Forgotten Racial Equality: Implicit Bias, Decision-Making and Misremembering


This Article argues that judges and jurors unknowingly propagate racism through their legal decisions because they misremember case facts in implicitly biased ways. Such an argument bridges discourse in implicit social cognition, memory studies, and legal decision-making. Social cognition research indicates that implicit racial biases are automatic, pervasive, and often operate without conscious awareness. Memory studies demonstrate that memory errors are meaningful and systematic, and are often facilitated by stereotypes. Decision-making theory teaches that memory errors can not only affect the results of individual decision-making processes, but also that group deliberations are unlikely to resolve these errors. The author argues that these three areas converge, resulting in a model that explains how implicit memory errors are made unconsciously and in racially biased ways. These unconscious and pervasive implicit memories biases consequently have the ability to affect a variety of legal outcomes.

To test the theory, the author conducted an empirical study that examined how people remember legally relevant facts. In the study, participants read two short stories resembling legal cases—one about a fight and another about an employment termination. The race of the characters in the stories was varied so that some participants read about African Americans, some read about Hawaiians, and others read about Caucasians. Participants were later asked to recall facts of the stories. Results of this recall task indicated that people systematically misremembered legally relevant facts in racially biased ways. For example, participants who read about an African American or Hawaiian involved in a fight were significantly more likely to remember aggressive actions from the fight, compared to participants who read about a Caucasian. Participants even sometimes generated false memories about the African American, erroneously believing that he had engaged in aggressive behaviors when he had not. Other results indicated that implicit memory biases are not related to consciously racist attitudes or preferences—even less “racist” people manifested systematic implicit racial biases. The results strongly support the theory that implicit memory biases operate in the legal setting, and that they operate without the conscious knowledge of judges or jurors.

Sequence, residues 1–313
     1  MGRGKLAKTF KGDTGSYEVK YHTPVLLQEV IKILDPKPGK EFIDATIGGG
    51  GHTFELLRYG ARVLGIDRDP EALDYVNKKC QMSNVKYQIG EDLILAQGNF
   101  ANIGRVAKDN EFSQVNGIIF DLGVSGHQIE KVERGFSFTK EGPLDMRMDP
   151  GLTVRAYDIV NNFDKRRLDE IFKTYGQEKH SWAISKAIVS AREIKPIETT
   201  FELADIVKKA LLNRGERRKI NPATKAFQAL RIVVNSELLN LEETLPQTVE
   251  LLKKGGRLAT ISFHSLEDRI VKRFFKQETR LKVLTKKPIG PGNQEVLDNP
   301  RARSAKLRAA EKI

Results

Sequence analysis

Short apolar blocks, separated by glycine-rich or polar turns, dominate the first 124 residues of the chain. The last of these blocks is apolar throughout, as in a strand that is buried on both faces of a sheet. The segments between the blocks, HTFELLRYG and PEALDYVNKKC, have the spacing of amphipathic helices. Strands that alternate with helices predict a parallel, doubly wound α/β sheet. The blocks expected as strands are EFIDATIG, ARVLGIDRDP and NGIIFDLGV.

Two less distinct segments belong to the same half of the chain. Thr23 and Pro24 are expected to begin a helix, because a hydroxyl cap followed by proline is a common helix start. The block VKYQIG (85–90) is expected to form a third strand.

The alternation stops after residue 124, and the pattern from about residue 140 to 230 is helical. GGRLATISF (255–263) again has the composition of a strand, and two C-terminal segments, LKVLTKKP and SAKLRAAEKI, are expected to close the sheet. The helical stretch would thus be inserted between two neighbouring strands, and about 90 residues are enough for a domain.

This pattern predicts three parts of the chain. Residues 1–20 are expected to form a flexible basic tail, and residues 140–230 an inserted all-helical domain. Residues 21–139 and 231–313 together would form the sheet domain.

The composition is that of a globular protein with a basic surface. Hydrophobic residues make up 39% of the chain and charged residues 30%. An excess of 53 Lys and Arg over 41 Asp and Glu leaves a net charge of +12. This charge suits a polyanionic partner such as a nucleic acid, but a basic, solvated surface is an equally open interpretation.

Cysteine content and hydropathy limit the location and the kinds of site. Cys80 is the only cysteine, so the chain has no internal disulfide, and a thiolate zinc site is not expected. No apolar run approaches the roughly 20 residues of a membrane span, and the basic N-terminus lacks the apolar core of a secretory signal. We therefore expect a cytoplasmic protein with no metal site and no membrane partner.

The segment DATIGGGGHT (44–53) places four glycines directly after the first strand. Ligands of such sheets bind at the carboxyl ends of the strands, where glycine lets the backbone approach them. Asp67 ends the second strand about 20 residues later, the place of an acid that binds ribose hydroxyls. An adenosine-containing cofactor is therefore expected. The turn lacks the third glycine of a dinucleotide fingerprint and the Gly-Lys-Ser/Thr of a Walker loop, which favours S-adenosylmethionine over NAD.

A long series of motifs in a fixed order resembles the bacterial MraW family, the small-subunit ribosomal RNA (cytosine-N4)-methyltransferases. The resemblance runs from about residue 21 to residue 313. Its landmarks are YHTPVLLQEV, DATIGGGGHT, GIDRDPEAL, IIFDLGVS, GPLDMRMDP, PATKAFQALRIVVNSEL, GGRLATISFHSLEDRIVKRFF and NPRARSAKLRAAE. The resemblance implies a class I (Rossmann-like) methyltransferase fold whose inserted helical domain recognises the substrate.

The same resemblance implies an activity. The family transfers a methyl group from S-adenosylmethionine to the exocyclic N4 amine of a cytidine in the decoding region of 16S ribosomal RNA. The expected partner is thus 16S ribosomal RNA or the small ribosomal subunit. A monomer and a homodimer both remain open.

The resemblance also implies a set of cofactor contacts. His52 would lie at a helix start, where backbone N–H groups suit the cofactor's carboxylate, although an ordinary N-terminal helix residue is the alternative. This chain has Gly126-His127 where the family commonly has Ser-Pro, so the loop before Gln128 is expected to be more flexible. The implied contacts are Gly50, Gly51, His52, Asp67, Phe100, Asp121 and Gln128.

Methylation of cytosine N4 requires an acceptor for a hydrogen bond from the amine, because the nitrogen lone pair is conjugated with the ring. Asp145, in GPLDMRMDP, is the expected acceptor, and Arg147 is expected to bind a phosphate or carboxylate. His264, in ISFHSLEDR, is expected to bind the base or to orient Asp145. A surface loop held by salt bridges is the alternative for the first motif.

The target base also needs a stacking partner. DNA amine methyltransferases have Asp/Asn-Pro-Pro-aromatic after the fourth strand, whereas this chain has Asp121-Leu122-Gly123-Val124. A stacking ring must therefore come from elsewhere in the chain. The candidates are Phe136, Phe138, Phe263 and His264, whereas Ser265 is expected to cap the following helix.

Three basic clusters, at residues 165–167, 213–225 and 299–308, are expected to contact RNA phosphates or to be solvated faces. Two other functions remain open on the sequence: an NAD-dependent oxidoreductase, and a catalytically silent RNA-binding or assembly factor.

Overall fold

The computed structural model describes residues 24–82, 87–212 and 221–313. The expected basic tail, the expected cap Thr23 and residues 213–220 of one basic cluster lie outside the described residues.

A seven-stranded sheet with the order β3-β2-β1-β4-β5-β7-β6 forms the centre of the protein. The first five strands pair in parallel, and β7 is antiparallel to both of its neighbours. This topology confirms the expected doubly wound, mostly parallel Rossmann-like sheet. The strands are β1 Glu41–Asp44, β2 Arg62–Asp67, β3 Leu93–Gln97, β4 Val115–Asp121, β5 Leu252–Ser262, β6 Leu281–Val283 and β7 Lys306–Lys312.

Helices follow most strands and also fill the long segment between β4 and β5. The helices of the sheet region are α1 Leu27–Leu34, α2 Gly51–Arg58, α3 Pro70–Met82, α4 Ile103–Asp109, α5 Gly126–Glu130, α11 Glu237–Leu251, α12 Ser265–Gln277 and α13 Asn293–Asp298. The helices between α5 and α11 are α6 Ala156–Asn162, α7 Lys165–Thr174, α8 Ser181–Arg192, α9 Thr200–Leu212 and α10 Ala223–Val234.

The extension of an implicit racial bias model to legal decision-making raises concerns about the legal system’s ability to achieve social justice, as well as the cultural responsibility for implicit racial biases. Evidence on biases and stereotypes indicates that they are formed early, automatically, and based on cultural forces. Attempts to “debias” implicit racism have been mixed—reducing harms temporarily is possible but longer term change is resistant to scientific efforts. Thus, the only foolproof suggestion to eliminate implicit racial biases is for cultural change to occur over time and through coordinated efforts. In the meantime, however, the author argues that a variety of temporary debiasing measures must be taken.


Civil Rights and Discrimination | Law and Psychology | Law and Society

Date of this Version

August 2006